Aerial view of Rawsonville and the Smalblaar River, looking towards Du Toitskloof Pass to the west
|• Type||Ward 20|
|• Councillor||Robert Blom|
|• Total||2.42 km2 (0.93 sq mi)|
|Elevation||223 m (732 ft)|
|• Density||1,300/km2 (3,300/sq mi)|
|Racial makeup (2011)|
|• Black African||8.5%|
|First languages (2011)|
|Postal code (street)||6845|
Rawsonville is a small wine growing and farming community in the Breede River Valley of the Western Cape province of South Africa. The town forms part of the Breede Valley Local Municipality, and is located in a scenic portion of the valley on the eastern flanks of the Du Toitskloof Mountains.
The climate is hinterland (further from oceanic influences) Mediterranean, with cool, rainy winters and warm, dry summers. Due to its more inland location, winters can sometimes get frosty, with heavy snowfalls sometimes falling on the surrounding high-ground, summers are generally pleasant, although some February and March days can reach 38°C or higher.
The area is known for the Breedekloof Wine Route with its 22 Cellars and Wine Estates and also hosts the annual Breedekloof extreme sports festival. The economy remains heavily reliant on serving the agricultural community, however tourism in the form of weekend retreats are becoming more important to the town's income. Rawsonville is 90 km to the east of Cape Town and 15 km to the west of the large town of Worcester.
Old Goudini Farms
Slanghoek, Klipdrift, Groot Vlakte, Groot Eiland, Gevonden, Goudyn, Boontjiesrivier, Dasbosch Rivier, Pokkekraal and Aan-de-Smalblaar were some of the original farms occupied by European settlers since 1709.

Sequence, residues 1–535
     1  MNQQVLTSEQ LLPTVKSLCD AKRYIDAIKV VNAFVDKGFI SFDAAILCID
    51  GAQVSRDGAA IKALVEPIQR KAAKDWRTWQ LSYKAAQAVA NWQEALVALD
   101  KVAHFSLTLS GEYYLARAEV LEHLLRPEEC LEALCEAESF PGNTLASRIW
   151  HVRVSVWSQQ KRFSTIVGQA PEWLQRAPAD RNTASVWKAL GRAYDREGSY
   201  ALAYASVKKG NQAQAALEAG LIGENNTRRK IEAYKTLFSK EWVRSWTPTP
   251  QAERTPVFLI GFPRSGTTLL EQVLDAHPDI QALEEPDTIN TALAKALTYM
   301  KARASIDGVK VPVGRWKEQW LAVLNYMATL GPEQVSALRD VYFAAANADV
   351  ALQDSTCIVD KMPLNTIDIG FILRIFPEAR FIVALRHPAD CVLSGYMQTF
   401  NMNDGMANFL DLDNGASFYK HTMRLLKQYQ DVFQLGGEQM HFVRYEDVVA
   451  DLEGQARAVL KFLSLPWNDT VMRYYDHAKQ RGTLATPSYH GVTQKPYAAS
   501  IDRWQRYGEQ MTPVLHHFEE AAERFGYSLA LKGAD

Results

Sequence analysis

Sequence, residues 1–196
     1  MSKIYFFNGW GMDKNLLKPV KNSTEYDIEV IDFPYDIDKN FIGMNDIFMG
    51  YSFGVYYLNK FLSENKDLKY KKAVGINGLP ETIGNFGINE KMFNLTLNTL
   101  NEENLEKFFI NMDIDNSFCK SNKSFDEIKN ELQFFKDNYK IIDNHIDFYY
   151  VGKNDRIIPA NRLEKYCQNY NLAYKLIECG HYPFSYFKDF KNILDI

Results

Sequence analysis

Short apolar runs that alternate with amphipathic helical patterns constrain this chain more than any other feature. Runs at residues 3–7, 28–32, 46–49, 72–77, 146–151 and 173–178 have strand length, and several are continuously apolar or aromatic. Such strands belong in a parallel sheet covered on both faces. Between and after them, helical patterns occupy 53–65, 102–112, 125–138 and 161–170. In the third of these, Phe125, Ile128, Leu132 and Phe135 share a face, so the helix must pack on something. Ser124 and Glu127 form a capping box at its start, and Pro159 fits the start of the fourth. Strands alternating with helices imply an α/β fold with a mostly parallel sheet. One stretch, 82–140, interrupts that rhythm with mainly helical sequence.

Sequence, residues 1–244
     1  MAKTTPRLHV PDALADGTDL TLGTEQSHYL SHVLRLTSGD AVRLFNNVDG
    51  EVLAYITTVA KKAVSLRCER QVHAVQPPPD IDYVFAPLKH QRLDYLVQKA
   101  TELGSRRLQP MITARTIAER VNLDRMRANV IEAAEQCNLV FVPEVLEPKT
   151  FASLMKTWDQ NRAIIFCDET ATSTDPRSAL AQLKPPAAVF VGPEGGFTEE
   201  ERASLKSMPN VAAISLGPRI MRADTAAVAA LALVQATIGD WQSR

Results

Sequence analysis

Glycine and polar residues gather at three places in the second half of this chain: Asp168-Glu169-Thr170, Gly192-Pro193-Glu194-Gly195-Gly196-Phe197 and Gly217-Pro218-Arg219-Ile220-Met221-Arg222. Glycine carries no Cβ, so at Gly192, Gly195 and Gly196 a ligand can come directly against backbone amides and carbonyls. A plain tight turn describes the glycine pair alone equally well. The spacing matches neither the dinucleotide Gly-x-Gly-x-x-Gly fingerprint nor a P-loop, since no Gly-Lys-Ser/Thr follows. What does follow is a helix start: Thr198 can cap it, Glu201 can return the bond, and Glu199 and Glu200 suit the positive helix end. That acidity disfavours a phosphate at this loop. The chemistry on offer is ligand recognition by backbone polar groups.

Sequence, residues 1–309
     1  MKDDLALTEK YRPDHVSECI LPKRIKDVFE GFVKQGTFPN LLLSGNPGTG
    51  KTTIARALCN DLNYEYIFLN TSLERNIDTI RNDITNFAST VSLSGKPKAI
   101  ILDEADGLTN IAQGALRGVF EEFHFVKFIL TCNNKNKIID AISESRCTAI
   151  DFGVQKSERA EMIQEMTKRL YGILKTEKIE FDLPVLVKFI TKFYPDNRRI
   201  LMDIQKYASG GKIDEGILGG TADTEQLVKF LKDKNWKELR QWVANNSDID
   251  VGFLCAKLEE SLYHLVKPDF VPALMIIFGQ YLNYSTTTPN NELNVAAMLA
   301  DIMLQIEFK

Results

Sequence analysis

By the 1850s the necessity for the formation of a hamlet had become clear; the ward was cut off from Worcester during the rainy season when the Breede River burst it banks regularly.
The farm Aan-de-Smalblaar was transported to Johannes Petrus (Jan) Jordaan on the 23rd of July 1858. Jan Jordaan divided a portion of the farm into 57 residential plots and these were sold at a Public Auction on 11 June 1859. The town was named for William Rawson, the Cape Colonial Secretary. Since the modern day, there are a rural suburb area called De Nova and squatter camps called spookytown and geelkampies.
School and Church
45 “Deelhebbers” (participants) decided to form “De Goudini School” in 1858 and they were represented by seven School Directors. On 16 June 1878 a public meeting was held to ascertain if a Dutch Reformed Church Congregation should be established at Rawsonville and on 14 October 1879 the Worcester Ring Commission granted permission for the formation of the Goudini Dutch Reformed Congregation. Rawsonville also consist of schools called Rawsonville Primary, Weltevrede Primary and many more.
Under the Village Management Act Rawsonville was granted Town Management in 1883. During the 1800s, if a doctor was needed someone had to travel to Worcester on horseback or on foot and if it rained continually for six hours, the Smalblaar River burst its banks and the water ran through town. Under these circumstances no school was attended.
- "Main Place Rawsonville". Census 2011.
- Eeublad; WR Laubscher; Hoërskool Goudini 1958
- Genade genoeg vir Goudini; AP Smit; Kerkraad 1979